We all know it, or at times say it, or at least have heard it. If you’re a whisky drinker, chances are you’ve uttered that word with as much mustered panache as Rick displayed when toasting Ilse with his, “Here’s looking at you, kid!” in the 1942 movie Casablanca.
But the art of toasting is slowing slipping away.
And with the huge influx of innovative and enthusiastic spirit makers across the world—not to mention the great vintners, bartenders, brewers, mixologists and, most importantly, the consumers—we need to reach back into history and take back the toast.
I’m not talking about the forty minute lament given at state dinners or ambassadorial functions, and certainly not the half dozen words flung out in an inebriated slur, honoring a newly wedded couple with, “Here’s to the gride and broom!” Instead, I’m hoping you might find that same sliver of urgency that tugs at my sentimental heart strings, the one that insists we’re losing the plot when it comes to raising a glass.
We’ve filled our lives with myriad moments of recognition and celebrations—from baby’s first steps to your finally reaching one thousand likes on your Facebook page. Countless gurus, psychologists, self-help guides and insides of bottle caps encourage us to seize the day, cherish this accomplishment and make every moment count. And because of that and the strength of mass-marketing to those sentiments, we try our level best to fulfill those suggestions. We find reasons to pop open a bottle and mark occasions to note one’s age, to acknowledge a death, to support our team, and to welcome friends back. Occasionally, we make an about face and reverse the form, throwing out plagues on our enemies and wishing ill luck at every turn.
But most of those are reserved for diplomatic dinners where prickly critiques are well-disguised and nestled within perfectly wordsmithed acknowledgements.
Likely, most of us find ourselves at less formal affairs, or at least among folks who understand that if we make a gaff in conversation or protocol, there’s little worry we’ve breached a treaty and war will ensue.
As we’re usually in the thick of preparing for some family event or holiday season, there is ample time to research and practice a toast of first-rate quality and class—if not for that event right around the corner, then for the one that soon follows.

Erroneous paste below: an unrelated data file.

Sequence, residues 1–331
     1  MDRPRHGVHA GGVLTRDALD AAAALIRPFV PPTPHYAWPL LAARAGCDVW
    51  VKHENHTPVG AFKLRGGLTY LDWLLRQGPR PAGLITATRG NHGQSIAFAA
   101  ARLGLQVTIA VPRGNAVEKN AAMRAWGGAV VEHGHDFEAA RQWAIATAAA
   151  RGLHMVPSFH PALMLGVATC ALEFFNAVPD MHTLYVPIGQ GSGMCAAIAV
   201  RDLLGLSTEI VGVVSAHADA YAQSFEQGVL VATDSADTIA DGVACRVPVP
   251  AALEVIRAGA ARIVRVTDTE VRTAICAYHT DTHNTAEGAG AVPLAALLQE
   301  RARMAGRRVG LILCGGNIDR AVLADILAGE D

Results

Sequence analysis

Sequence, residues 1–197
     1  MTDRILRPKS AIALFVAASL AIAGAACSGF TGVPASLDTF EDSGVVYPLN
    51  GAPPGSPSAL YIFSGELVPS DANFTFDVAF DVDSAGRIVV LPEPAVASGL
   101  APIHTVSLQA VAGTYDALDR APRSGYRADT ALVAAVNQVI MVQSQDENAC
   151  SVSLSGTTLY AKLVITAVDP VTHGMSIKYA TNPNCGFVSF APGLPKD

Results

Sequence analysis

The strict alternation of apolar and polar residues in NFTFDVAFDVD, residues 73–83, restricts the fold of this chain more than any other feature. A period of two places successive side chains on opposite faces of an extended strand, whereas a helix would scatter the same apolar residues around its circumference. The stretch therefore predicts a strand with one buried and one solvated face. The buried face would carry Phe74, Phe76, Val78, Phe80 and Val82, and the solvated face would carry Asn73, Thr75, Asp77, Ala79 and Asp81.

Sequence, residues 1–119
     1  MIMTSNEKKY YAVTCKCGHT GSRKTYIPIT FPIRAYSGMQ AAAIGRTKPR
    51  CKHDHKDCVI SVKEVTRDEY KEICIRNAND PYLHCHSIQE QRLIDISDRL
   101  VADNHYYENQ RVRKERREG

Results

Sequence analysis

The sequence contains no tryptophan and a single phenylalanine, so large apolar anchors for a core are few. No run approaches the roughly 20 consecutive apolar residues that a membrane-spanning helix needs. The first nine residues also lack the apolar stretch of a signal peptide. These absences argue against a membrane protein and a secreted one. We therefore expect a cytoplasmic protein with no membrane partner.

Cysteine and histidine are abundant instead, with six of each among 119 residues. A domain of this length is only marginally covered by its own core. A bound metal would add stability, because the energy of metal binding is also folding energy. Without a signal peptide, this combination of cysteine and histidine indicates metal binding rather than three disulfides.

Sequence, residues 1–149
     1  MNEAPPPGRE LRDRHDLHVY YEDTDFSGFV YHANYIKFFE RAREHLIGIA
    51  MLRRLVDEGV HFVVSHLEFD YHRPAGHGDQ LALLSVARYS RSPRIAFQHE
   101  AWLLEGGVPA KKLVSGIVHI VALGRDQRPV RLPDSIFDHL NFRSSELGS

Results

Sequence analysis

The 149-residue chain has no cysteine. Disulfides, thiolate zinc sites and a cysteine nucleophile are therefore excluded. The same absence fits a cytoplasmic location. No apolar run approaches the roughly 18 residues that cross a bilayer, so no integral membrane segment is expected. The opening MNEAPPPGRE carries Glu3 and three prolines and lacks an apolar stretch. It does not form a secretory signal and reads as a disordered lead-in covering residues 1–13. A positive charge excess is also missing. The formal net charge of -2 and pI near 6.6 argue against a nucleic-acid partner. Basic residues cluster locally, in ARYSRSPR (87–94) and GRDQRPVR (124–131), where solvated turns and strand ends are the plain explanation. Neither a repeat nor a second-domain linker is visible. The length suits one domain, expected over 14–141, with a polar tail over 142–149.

There is always an occasion to salute, pay tribute, honor, show goodwill, memorialize, profess, appreciate or commemorate a fellow being or moment on the timeline of life.
And to help you on our quest, I offer you a few of my favorites; a fraction of available verses ready-made in case your mind is blank and your tongue grows tied at moments of needed inspiration.
Birthdays: May you live to be a hundred years with one extra year to repent! ~Irish
Christmas: Here’s to the holly with its bright, red berry.
Here’s to Christmas, let’s make it merry.
Death: Though life is now pleasant and sweet to the sense,
we’ll be damnably moldy a hundred years hence. ~Old pirate toast
Friendship: Never drink anything without first smelling it,
never signe anything without first reading it.
Never dive into pools of depth unknown,
and rarely drink—if you are alone. ~17th century philosophy
Husbands: Here’s to the man who loves his wife, and loves his wife alone.
For many a man loves another man’s wife, when he ought to be loving his own.
Love: Brew me a cup for a winter’s night.
For the wind howls loud and the furies fight;
Spice it with love and stir it with care,
and I’ll toast your bright eyes, my sweetheart fair. ~Minna Thomas Antrim
Luck: As you slide down the banister of life,
may the splinters never face the wrong way.
New Year’s: As we start the New Year,
let’s get down on our knees to thank God we’re on our feet. ~Irish
Weddings: Look down you gods,
and on this couple drop a blessed crown. ~Shakespeare
Women: Here’s to the lasses we’ve loved, my lad,
here’s to the lips we’ve pressed;
For of kisses and lasses,
like liquor in glasses,
the last is always the best.
So raise your glass and be a good host. Practice the art and give a fine toast!
I leave you with one last sentiment by Phyllis McGinley:
~Stir the eggnog, lift the toddy,
Happy New Year, everybody!